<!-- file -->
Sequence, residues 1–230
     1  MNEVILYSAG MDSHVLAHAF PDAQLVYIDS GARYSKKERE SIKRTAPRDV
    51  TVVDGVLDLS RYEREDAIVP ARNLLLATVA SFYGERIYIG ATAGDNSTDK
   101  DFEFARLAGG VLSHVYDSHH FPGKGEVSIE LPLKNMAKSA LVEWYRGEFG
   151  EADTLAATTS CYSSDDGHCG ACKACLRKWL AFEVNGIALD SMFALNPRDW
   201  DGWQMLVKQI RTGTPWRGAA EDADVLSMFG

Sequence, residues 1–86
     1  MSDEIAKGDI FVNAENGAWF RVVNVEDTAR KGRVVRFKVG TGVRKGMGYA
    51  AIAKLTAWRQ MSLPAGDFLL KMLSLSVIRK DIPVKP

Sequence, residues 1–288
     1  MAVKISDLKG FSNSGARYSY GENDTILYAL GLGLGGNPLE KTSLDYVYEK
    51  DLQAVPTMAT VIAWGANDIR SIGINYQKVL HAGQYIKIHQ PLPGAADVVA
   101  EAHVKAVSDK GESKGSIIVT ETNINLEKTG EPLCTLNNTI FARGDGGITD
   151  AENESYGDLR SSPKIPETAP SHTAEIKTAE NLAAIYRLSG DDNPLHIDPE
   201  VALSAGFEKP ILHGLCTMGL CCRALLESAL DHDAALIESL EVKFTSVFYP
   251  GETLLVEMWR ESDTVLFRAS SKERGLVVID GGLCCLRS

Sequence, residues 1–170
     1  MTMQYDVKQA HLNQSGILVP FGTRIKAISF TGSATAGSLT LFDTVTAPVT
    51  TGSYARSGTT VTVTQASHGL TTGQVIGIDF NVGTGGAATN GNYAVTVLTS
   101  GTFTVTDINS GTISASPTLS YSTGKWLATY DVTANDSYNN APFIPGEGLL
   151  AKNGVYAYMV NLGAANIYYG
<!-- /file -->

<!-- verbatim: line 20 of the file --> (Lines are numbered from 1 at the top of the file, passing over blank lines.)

   101  GTFTVTDINS GTISASPTLS YSTGKWLATY DVTANDSYNN APFIPGEGLL